• MONDAY, Dec. 9, 2019 (HealthDay News) -- Depression is common among lung cancer patients and can damage their quality of life and treatment outcomes, a new study indicates. The findings suggest that doctors should screen lung cancer patients for depression and refer them for mental health care if necessary, said lead...
  • Your browser does not support HTML5 video. 1-minute meditations for living with cancer Practicing mindfulness boosts your body's ability to heal and calms your mind. Try mini-meditations that fit into even the most stressful day. Start your day with gratitude. Picture the faces of 5 people you're grateful for and...
  • NEW YORK (Reuters Health) - As social-distancing guidelines continue during the pandemic, cancer patients need quality care and ongoing connection with others, oncologists say in a pair of new editorials. Many patients have felt particularly isolated in recent months, especially because friends and family may not be...
  • It can be hard to know what questions to ask your doctor after you’ve been diagnosed with cancer. All oncologists try to be as informative as they can, but it’s good to be proactive and ask as many questions as possible. Patients and families who advocate for themselves in positive, constructive ways get better care....
  • Some of the most common symptoms experienced by cancer patients are memory problems, difficulties with multitasking, and reduced attention and concentration. Historically, cancer patients with these symptoms were often diagnosed with depression. Research over the past decade has revealed that many cancer patients...
  • If you're about to begin cancer treatment, be aware that certain treatments can cause mouth sores (oral mucositis). Mouth sores can be painful and distressing. They can range from a mere inconvenience to a severe complication that may make you unable to continue your cancer treatment. What are cancer-related mouth...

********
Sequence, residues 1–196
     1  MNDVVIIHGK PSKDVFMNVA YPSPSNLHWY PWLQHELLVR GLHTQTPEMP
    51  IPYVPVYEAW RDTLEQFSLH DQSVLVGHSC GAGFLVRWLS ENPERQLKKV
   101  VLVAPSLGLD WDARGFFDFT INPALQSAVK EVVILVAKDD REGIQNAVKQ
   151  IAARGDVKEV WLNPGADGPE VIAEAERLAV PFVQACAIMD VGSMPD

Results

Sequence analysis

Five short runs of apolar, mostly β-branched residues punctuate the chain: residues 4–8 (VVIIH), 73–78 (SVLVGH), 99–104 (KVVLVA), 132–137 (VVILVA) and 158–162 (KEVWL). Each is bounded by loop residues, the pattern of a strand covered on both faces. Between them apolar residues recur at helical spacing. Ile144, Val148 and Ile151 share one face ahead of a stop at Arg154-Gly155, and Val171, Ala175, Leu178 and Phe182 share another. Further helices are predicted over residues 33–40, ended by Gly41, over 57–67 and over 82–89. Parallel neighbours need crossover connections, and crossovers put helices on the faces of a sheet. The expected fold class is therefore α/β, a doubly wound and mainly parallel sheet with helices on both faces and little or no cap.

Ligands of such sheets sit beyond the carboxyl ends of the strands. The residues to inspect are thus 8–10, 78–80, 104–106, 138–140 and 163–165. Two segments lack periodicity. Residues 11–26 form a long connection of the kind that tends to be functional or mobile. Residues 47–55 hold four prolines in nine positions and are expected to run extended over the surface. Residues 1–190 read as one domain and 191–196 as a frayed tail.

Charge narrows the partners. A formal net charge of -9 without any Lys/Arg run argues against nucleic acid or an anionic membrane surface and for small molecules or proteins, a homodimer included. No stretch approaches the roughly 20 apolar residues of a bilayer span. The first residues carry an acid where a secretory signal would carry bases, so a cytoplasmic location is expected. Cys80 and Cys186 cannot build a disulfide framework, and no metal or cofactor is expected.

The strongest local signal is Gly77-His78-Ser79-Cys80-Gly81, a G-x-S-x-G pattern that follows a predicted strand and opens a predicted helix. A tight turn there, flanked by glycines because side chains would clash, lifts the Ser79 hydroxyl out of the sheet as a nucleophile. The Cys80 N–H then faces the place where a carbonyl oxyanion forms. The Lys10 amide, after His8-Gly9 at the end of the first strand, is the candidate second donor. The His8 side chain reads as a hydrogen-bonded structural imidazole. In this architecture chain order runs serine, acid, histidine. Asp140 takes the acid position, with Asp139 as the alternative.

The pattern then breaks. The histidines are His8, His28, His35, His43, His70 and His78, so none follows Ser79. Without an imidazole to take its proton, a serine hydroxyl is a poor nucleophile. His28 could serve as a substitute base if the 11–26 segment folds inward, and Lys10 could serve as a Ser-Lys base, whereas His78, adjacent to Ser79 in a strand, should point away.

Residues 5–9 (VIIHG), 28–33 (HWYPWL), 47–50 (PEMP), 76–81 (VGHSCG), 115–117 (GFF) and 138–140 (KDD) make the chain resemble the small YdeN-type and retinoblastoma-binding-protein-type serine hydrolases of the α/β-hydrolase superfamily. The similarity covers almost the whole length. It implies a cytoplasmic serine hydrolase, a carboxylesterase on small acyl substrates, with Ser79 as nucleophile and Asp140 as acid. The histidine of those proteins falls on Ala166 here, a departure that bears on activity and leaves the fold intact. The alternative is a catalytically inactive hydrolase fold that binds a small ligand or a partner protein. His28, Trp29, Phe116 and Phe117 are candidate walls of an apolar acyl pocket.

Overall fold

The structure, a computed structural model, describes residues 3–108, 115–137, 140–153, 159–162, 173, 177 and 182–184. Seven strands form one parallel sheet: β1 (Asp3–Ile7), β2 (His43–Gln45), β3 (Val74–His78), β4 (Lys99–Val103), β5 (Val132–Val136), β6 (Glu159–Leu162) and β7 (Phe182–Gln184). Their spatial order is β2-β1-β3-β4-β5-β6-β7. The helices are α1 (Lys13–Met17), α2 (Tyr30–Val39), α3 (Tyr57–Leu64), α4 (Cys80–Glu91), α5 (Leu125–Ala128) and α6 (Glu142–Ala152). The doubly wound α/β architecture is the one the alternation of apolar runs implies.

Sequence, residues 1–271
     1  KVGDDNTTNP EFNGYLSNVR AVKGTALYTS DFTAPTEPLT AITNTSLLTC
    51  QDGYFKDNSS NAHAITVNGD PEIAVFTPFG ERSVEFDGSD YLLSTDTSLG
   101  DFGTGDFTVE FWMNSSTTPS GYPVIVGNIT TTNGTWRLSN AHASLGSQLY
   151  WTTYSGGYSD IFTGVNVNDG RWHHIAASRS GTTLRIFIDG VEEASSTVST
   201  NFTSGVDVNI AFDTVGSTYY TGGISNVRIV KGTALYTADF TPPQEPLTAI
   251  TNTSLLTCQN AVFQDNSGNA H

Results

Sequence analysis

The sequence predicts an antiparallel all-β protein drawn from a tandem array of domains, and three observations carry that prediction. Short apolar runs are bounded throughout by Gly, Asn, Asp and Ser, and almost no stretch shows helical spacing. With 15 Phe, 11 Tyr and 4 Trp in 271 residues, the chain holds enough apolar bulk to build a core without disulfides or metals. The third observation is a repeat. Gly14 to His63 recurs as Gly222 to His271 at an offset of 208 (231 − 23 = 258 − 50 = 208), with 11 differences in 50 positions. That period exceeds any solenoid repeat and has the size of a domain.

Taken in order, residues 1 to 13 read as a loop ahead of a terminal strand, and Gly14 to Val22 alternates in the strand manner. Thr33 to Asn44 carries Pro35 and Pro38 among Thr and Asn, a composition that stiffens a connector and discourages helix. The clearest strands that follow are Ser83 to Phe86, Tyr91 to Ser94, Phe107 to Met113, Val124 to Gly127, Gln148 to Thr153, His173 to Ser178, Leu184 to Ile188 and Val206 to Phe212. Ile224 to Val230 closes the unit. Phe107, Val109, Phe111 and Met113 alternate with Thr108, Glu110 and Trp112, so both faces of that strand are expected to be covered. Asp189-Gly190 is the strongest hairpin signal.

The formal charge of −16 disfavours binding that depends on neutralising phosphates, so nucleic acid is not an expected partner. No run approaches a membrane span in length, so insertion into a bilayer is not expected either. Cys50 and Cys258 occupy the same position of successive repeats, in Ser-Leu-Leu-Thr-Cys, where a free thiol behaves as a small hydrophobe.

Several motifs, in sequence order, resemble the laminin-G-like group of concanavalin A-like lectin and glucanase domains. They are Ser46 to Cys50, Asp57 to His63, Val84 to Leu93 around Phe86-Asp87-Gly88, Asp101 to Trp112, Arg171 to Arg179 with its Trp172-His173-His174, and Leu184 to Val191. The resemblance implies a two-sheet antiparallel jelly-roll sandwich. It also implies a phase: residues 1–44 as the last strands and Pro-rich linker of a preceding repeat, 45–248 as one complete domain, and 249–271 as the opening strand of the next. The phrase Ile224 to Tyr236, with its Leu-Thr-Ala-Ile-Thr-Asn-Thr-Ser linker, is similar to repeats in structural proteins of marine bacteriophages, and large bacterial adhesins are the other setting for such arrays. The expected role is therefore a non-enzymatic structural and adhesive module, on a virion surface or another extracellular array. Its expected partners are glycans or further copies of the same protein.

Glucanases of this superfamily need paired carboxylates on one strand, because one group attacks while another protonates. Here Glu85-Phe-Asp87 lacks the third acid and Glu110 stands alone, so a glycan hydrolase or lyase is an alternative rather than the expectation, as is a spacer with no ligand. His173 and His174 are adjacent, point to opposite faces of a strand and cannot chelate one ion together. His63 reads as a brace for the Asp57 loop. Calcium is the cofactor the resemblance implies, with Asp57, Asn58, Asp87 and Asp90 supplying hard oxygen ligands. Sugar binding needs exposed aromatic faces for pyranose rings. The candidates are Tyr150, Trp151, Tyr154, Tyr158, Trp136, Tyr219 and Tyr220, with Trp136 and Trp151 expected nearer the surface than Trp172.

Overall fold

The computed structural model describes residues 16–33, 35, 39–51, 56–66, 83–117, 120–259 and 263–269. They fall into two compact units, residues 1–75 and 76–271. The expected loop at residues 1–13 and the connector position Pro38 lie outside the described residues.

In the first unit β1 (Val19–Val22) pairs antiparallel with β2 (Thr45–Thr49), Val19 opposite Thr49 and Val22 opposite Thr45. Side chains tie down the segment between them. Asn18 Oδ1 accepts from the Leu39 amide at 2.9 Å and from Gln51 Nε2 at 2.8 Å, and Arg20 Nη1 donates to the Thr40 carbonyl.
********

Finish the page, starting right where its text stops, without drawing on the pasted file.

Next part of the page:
• If you're about to begin cancer treatment, know that it's common to feel some apprehension. You might be worried about side effects and how your treatment might interfere with your daily activities. But undergoing cancer treatment during a pandemic brings some additional worries, as you must also consider the risks...
  • Your browser does not support HTML5 video. Tips for taming cancer stress Make a list of stressors. Let go of some, find support for others. Put your hand over your heart. Researchers say this simple, soothing action has a calming effect. Listen to music. Your favorite tunes can lower pain levels, especially...
  • Experts say cancer survivors, as well as their spouses and partners, will experience “job lock,” where they continue at their workplace to maintain their current health insurance. Getty Images Researchers say 20 percent of cancer survivors have “job lock,” where they stay in jobs mainly to keep their health insurance...
  • NEW YORK (Reuters Health) - Although palliative care may be tough to provide during the pandemic, specialists are finding new ways to help their patients, according to a new report. Patients with advanced cancer, in particular, may be more vulnerable to potential COVID-19 exposure, which requires a creative approach...